(http://13reasonswhy.info/wp-content/uploads/2018/03/13-Reasons-Why-Season-1-Discussion-Guide.compressed.pdf)

Depression, suicide, and sexual assault, among other things, are discussed in the series. Below are tips and information to help when discussing these issues:  

Depression

*It’s important to encourage open dialog about mental health. Mental health challenges are commonplace and often have onset during the teen or young adult years.

*In the case of the most common mental health condition, depression is a serious illness that causes symptoms that can interfere with one’s ability to study, work, sleep, eat and enjoy life. Some signs of depression include: Persistent sadness, decreased energy, overwhelming fatigue, feelings of hopelessness or helplessness, loss of interest in hobbies or daily activities, difficulty concentrating, changes in sleeping patterns, other atypical behaviors for the person such as agitation, irritability or anger outbursts.

*If you think that you may be struggling with depression, seek help from a counselor, pediatrician or mental health professional– if you are a teen, talk to a trusted adult to help you get the help you need right away.

Self-Harm and Suicide

*While 13 Reasons Why portrayed a suicide death that already occurred, it’s important to know that suicide is known to be a tragic but often preventable health outcome. The vast majority of people who face the challenges portrayed in 13 Reasons Why find ways to be resilient. •

*There’s no single cause for suicide. Suicide most often occurs when stressors and health issues converge to create an experience of hopelessness or despair.

*Depression is the most common condition associated with suicide and it is often undiagnosed or undertreated. Conditions like depression, anxiety and substance abuse, especially when left unaddressed, can increase risk of suicide. But, most people who actively manage their mental health lead fulfilling lives.

*Don’t be afraid to have a conversation about mental health and suicide—it doesn’t increase the risk or plant the idea in someone’s head. But it is helpful to invite conversations about feelings, thoughts and perspectives. •

*If someone you know is distressed, don’t judge or minimize their problems. Be patient, kind and practice active listening skills. Offer to help them get professional help.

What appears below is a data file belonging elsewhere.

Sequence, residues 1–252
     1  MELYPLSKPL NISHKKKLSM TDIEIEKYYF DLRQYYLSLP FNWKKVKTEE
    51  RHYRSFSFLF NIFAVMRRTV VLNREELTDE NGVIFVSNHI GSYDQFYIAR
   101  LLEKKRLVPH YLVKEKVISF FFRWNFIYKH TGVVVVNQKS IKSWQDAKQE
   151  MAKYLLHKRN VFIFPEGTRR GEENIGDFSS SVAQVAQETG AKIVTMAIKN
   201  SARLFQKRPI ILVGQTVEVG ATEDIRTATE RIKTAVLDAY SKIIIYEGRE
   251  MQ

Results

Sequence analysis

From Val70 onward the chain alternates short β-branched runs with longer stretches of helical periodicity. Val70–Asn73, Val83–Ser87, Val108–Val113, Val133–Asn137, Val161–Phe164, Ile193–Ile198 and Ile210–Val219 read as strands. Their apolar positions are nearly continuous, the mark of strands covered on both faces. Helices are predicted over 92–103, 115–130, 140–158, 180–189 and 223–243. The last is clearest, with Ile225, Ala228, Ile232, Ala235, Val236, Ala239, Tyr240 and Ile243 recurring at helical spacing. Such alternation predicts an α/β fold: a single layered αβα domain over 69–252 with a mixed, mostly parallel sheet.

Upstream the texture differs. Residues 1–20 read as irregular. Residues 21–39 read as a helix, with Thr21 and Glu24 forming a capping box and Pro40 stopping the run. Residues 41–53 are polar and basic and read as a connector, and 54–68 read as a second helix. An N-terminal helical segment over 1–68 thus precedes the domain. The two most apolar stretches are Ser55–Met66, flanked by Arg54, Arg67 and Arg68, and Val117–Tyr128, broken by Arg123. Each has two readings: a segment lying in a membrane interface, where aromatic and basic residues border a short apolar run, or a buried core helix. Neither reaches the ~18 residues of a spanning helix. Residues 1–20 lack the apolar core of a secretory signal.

*Look out for possible warnings signs of increased suicide risk:

  • Changes in behavior, especially during a painful event, loss or life transition
  • Talking about harming or killing oneself
  • Expressing feelings of hopelessness, feeling trapped
  • Increased alcohol or drug use
  • Withdrawing from activities, isolating from family and friends
  • Feelings of depression, anxiety, loss of interest, humiliation, rage
  • Sometimes people avoid reaching out to someone who may be struggling with mental health, but just having a conversation can make all the difference in helping them to feel connected and supported. Often, it’s the first step toward getting what could be life-saving help.
  • If you feel you are at risk or suspect a child, friend or loved one is thinking about suicide, talk to a trusted adult or reach out to a resource such as a hotline or text line to talk to someone who can help.

Bullying

  1. Bullying is repeated aggressive behavior in which one person in a position of power deliberately threatens, abuses or harms another person physically or emotionally.
  2. In 13 Reasons Why, bullying is demonstrated in several forms— physical, verbal, social isolation. Whatever the form, it can be helped by speaking to a trusted adult—a parent, teacher or school counselor.
  3. Some people may think talking to someone is tattling but it is important to alert trusted adults about issues that may cause harm to oneself or to someone else.
  4. Because the characters in 13 Reasons Why play different roles in the various bullying scenarios, these scenes offer a chance to consider how—by playing a different role— bullying can be prevented.
  5. Those who Assist: they don’t start the bullying behavior, but they encourage bullying and occasionally join in.
  6. Those who Reinforce: they aren’t directly involved in the bullying but they’re part of the audience, sometimes laughing or supporting the bullying.